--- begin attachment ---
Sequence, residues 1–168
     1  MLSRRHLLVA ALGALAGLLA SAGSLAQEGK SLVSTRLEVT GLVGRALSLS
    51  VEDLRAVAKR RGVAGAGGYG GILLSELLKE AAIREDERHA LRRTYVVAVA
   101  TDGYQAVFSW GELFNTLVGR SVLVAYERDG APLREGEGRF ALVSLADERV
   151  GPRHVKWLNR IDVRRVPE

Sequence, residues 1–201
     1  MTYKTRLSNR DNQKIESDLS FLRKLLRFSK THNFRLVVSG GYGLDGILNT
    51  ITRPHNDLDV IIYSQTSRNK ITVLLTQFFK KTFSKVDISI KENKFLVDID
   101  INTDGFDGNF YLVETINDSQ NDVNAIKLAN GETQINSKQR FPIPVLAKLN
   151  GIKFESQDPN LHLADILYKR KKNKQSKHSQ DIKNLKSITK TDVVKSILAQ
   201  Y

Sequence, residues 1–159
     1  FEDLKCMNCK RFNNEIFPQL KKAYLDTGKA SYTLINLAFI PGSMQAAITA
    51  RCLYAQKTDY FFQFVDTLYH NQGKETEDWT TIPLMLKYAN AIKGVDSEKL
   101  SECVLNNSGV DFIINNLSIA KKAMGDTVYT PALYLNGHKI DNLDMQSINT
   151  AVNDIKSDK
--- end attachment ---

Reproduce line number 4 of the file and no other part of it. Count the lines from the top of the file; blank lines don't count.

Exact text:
   101  TDGYQAVFSW GELFNTLVGR SVLVAYERDG APLREGEGRF ALVSLADERV